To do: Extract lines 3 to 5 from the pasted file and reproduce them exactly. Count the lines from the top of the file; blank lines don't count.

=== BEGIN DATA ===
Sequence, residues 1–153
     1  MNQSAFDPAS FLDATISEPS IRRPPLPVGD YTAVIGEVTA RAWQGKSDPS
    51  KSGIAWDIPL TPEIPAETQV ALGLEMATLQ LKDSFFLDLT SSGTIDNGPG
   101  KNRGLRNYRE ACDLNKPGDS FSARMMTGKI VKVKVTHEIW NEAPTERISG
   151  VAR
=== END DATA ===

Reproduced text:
    51  KSGIAWDIPL TPEIPAETQV ALGLEMATLQ LKDSFFLDLT SSGTIDNGPG
   101  KNRGLRNYRE ACDLNKPGDS FSARMMTGKI VKVKVTHEIW NEAPTERISG
   151  VAR